Each of the test environments implements multiple hosts on each of the office and internet Docker networks, one of which on each network provides the DNS service for that network.
Readying a Test Environment
We’re going to test the network and DNS services implemented by Services – Docker, either directly or using Libraries – Ansible. Refer to the instructions under Using this Repository in the Services – Docker README for a fuller explanation of how to run the docker-compose commands we show here, including how to switch between the different test environments implemented by Services – Docker.
We must first raise-hosts for the services that we require:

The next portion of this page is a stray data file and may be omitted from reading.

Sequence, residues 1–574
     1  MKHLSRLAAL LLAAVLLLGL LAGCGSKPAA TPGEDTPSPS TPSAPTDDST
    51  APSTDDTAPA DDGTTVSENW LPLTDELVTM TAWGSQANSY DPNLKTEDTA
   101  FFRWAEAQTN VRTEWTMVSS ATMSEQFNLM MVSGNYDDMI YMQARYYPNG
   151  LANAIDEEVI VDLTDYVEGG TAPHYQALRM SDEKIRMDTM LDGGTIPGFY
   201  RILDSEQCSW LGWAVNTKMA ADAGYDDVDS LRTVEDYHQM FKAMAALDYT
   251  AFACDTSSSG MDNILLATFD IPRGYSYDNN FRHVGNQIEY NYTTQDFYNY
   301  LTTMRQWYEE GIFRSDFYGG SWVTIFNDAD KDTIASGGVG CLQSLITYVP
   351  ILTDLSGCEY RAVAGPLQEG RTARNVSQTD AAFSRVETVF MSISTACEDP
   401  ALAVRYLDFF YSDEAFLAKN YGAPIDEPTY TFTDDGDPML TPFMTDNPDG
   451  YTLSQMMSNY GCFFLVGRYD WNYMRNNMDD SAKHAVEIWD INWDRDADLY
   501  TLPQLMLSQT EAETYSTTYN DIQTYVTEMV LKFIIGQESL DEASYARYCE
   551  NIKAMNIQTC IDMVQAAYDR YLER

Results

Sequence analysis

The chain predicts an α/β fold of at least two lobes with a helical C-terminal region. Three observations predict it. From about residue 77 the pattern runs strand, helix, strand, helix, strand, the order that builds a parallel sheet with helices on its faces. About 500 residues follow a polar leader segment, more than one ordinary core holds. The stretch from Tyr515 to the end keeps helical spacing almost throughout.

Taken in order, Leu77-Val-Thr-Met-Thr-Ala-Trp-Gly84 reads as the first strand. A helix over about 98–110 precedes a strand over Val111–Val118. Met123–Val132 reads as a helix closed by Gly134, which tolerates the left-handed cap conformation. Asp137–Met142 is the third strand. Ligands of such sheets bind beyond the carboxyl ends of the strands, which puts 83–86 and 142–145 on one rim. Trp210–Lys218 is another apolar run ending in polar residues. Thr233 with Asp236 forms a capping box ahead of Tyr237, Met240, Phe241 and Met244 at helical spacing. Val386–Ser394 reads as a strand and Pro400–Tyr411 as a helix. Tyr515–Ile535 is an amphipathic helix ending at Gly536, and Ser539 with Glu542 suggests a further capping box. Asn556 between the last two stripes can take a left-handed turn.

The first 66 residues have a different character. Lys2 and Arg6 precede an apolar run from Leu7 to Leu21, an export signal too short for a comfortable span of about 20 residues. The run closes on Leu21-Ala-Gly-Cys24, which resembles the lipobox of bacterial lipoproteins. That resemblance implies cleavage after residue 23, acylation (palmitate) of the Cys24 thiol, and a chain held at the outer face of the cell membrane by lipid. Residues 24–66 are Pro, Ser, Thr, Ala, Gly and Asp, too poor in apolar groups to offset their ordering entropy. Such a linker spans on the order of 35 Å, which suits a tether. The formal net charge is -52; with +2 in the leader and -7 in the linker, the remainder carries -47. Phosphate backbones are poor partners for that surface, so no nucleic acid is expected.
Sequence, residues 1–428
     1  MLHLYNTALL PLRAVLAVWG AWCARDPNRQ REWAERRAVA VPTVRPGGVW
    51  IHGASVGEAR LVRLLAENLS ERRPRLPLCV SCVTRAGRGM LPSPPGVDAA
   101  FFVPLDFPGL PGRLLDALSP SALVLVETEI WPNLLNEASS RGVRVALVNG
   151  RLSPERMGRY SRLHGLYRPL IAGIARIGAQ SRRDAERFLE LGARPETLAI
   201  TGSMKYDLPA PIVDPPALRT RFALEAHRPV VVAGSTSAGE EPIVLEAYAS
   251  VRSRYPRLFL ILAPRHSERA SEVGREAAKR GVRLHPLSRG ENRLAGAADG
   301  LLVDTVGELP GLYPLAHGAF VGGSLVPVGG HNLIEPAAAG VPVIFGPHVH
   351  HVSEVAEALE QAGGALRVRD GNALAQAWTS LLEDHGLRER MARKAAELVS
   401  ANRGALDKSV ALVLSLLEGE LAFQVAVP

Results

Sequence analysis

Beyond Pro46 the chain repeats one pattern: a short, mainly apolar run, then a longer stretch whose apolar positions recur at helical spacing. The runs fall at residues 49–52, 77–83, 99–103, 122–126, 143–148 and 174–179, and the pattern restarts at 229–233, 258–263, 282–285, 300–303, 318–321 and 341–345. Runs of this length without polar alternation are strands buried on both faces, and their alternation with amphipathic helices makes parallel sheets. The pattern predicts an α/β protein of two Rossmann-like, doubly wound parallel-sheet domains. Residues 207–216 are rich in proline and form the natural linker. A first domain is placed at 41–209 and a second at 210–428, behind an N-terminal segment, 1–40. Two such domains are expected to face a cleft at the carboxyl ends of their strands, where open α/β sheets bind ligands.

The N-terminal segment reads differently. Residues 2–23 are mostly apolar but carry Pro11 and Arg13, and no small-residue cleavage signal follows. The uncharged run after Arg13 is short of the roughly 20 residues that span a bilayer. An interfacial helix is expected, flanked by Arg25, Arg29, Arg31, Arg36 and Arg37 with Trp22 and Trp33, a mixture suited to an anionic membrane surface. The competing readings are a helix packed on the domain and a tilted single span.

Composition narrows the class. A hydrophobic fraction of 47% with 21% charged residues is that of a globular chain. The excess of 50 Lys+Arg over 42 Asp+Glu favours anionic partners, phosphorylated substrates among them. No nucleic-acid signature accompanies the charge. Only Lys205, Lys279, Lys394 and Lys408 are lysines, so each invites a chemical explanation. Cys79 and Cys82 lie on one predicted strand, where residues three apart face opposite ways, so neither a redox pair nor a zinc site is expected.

docker-compose run --rm -T raise-hosts backup dns | bash
Of course, that’s the command to use if you’re working in an desktop with the Bash shell available. As the instructions in Using this Repository explain, you can pipe to other shells, for example Window’s PowerShell, provided you use the right syntax to do so.
Note that we have defined the services in scope as backup and dns. It might seem surprising that the backup service is included. We won’t go into the testing of the backup service in this article, it’s included here only in relation to testing of the Dynamic DNS Service without Akami Integration.
We must now execute the Ansible playbook to deploy the backup and dns services to the hosts that we just raised:
docker-compose run --rm playbook services backup dns
Once the playbook has completed successfully, we’re all set for testing.
The first thing we’re going to test is the router service in our Services – Docker test environment. Note that this service is not deployed via Ansible, instead it is defined solely by the Docker Compose configuration within Services – Docker. So, we’re not testing the roles in the Libraries – Ansible repository here.